Duration: 20 min/episode (length differs on Podcasts App Store)

About:

A skillful narrator digs into stories behind the news, examining various topics involving cultures, history, politics, international relations. This podcast, by China’s state-owned international radio broadcaster, often comes up as a suggestion on various platforms, and also seems to be really popular because of its news-related stories.

Tips if you are a Mandarin learner:

Well-paced speech with an intimate tone, this podcast is a good source for learning new vocabulary and improving your pronunciation if you are already an advanced learner of Mandarin. Accent Alert: the host speaks fairly standard Mandarin with a Beijing accent.

 

#6 Watching Dreams Station (看理想电台)

Link to podcast

Category: Interviews & Culture

Duration: 20 – 40 min/episode

About:

A fun and informative podcast with varied content coverage, this podcast has a refreshing tone and smooth transitions between narratives and (expert) interview footage. A great source to learn more about what Chinese ‘hipsters,’ often referred to as literary and arty youth (文青, wén qīng) care about with regular mentions of social media stories.

Tips if you are a Mandarin learner:

This podcast has relatively slow-paced speech covering various topics, which helps to make you more familiar with new vocabulary and practice how to explain things in Mandarin. Accent Alert: you will hear hosts speak fairly standard Mandarin with minor accents.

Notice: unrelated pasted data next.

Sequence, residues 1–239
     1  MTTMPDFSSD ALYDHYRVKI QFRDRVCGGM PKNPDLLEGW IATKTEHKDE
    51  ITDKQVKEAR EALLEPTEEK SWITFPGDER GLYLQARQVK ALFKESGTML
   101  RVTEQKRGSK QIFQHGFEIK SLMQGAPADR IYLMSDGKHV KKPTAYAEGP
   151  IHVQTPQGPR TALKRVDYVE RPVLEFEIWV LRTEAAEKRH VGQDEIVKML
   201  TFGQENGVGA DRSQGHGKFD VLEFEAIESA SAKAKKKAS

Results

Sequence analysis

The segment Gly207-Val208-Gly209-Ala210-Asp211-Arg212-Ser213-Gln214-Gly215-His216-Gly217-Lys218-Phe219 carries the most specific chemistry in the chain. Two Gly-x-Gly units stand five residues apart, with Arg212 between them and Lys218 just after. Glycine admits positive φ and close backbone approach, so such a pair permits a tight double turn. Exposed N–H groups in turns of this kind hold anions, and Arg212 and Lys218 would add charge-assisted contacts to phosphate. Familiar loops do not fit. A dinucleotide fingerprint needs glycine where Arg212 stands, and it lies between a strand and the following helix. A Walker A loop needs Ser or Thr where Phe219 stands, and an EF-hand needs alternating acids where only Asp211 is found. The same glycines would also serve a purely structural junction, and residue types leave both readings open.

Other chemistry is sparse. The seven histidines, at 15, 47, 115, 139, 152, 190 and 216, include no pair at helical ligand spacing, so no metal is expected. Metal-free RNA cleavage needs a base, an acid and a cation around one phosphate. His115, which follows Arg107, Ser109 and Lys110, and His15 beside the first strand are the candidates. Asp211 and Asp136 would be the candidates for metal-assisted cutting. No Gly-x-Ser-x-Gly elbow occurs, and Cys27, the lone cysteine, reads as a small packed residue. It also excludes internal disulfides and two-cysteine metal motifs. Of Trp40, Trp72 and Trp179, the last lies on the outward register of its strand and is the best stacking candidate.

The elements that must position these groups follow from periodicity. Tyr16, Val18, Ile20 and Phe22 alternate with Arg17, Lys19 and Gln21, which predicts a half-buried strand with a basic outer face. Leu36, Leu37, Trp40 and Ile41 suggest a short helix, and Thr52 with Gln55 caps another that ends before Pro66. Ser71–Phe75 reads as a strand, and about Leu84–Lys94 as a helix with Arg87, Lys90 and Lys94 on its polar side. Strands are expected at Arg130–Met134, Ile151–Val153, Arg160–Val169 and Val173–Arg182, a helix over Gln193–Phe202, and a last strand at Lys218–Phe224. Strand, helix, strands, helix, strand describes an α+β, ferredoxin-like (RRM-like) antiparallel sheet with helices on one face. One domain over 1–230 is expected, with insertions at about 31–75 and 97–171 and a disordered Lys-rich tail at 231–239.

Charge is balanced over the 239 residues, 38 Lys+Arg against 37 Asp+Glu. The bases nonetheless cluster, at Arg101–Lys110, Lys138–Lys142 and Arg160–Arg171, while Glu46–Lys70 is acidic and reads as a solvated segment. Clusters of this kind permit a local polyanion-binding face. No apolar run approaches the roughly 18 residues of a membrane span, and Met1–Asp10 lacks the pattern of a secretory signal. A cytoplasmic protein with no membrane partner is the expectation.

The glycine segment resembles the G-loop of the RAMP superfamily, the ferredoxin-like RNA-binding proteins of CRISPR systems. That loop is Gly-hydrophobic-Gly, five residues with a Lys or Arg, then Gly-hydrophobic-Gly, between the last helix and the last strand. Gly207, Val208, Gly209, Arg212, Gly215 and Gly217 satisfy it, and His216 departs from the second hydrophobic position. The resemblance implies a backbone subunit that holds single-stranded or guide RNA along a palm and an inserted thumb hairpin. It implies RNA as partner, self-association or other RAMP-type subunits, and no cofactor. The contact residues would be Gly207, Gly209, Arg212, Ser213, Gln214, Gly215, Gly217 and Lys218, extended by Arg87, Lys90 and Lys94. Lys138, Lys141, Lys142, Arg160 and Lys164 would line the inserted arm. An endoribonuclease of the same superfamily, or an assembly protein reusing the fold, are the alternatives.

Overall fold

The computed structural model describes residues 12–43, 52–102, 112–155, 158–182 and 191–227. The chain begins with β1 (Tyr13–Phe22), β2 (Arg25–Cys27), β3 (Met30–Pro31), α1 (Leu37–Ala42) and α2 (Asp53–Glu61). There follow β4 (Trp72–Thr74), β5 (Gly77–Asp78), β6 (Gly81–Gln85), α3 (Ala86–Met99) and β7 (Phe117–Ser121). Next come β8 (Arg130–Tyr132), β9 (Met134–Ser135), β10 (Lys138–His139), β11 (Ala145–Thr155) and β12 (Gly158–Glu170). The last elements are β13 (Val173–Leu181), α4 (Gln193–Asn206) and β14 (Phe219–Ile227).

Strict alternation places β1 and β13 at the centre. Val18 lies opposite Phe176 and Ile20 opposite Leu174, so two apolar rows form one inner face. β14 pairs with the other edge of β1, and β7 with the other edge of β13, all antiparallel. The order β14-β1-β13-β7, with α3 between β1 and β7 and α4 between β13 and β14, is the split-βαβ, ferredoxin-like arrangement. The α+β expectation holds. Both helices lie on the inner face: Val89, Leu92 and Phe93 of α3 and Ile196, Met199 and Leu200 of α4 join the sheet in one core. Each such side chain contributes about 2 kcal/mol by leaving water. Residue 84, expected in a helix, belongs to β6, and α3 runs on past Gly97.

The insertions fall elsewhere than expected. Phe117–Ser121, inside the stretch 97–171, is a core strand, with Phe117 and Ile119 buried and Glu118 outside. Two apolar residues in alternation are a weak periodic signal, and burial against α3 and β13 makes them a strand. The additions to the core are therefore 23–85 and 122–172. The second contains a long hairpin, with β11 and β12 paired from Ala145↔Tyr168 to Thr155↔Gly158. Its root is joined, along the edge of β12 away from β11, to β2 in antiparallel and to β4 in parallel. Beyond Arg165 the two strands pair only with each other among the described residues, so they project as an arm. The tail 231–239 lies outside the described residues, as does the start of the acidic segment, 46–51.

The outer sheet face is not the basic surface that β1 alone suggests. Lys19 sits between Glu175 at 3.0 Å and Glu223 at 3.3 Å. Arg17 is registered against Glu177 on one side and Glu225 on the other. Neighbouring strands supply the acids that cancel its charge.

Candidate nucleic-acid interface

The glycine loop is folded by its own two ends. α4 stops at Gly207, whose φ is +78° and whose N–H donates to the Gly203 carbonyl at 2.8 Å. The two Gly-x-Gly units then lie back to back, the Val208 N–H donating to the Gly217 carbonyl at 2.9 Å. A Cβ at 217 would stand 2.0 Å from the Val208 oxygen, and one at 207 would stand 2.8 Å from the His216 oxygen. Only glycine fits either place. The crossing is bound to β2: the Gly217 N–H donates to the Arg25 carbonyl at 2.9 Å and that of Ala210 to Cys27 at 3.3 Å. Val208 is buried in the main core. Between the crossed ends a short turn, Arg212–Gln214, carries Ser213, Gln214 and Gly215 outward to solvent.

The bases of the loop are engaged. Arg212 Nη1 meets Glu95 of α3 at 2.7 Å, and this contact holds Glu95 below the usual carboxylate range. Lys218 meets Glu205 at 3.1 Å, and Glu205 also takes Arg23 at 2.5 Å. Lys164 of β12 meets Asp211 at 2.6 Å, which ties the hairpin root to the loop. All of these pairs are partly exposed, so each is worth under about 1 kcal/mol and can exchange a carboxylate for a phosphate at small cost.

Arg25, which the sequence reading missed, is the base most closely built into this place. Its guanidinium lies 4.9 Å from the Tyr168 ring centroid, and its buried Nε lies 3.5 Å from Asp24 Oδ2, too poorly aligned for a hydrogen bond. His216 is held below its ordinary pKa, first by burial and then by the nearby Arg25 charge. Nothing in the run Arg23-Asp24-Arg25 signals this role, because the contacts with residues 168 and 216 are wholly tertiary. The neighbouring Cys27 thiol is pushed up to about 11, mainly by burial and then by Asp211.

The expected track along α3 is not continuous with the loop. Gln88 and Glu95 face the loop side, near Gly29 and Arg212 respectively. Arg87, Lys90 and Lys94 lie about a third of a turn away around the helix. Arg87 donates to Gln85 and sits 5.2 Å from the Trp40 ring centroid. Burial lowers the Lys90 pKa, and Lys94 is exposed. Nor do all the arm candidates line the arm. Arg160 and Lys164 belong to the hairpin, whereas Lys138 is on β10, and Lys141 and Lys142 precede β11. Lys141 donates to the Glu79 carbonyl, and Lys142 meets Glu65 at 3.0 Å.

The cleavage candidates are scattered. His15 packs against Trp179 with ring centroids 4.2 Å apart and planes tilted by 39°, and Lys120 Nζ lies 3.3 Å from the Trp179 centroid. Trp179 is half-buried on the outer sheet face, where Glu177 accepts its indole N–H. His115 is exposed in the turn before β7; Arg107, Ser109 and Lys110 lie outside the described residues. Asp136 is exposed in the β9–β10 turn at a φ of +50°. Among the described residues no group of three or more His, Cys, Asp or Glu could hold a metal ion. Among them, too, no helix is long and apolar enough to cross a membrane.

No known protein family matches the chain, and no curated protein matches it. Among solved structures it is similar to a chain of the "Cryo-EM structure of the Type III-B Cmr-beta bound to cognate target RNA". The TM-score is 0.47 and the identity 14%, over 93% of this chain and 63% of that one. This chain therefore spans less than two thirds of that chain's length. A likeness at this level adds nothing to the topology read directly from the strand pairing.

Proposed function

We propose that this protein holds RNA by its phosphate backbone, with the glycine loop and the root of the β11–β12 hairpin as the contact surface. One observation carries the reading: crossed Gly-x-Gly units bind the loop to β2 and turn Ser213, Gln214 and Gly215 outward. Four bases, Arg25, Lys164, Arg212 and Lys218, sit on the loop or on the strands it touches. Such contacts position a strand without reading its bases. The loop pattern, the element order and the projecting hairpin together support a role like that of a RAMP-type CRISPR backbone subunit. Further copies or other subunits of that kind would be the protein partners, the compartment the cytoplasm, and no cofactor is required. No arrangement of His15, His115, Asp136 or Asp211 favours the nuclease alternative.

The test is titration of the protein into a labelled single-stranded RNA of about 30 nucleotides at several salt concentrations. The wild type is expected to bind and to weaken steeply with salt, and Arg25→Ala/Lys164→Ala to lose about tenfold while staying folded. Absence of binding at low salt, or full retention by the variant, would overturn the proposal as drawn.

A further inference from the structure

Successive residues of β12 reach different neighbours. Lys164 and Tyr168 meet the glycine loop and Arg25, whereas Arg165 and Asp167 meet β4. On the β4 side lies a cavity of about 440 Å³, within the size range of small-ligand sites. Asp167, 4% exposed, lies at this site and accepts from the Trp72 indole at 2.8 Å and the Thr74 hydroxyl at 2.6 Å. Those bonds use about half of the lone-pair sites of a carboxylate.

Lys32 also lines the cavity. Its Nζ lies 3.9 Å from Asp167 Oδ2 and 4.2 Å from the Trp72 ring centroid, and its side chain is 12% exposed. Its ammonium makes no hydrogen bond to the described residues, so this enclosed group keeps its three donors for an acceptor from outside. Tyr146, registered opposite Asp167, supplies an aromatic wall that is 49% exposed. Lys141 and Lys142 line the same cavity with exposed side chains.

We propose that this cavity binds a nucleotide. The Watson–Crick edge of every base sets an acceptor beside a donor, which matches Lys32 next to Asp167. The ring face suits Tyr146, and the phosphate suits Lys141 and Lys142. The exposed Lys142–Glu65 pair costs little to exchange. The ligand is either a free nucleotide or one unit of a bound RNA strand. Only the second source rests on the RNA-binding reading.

#7 Black Water Park (黑水公园)

Link to podcast

Category: TV & Movies, Talkshow

Duration: 1 – 1.5 hr/episode

About:

Learn what’s commonly discussed among Chinese young adults about movies and TV shows through these entertaining conversations between the two good friends Ài Wén and Jīn Huā-er.

Tips if you are a Mandarin learner:

Suitable for medium-to-advanced-level Mandarin learners; highly engaging conversations involving lots of slang and colloquial expressions.
Accent Alert: the hosts speak with recognizable Beijinger accents, so be prepared.

 

#8 The Sketch is Here (段子来了)

Link to podcast

Category: Comedy

Duration: 45 min/episode

About:

With 5.426 billion user clicks on Ximalaya, this podcast featuring funny sketches is super popular and has become a household name in China’s podcast market. It offers a taste of humor appreciated by many Chinese, which is very different from what you’d get from a podcast in the West within the same category.

Tips if you are a Mandarin learner:

Great source to learn colloquial Mandarin and funny ice-breakers, but challenging as humor is intrinsically linked with inside jokes and word play. Accent Alert: the host has what’s considered a soothing voice and speaks fairly standard Mandarin.

 

#9 Ruixi’s Radio (蕊希电台)

Link to podcast

Category: Lifestyle & Bedtime

Duration: 10 min/episode

About:

One way to examine culture is to look at what people generally worry about the most. This podcast, that always starts with the soft voice of Ruixi (the host) asking listeners “Hey, are you ok today?”, focuses on a darker side of society and addresses the social and mental struggles that adults in China are facing. Ruixi’s Radio is one of those podcasts that enjoy equivalent popularity across several podcast platforms, which indicates strong branding. For many people, it’s a soothing podcast to listen just before bedtime.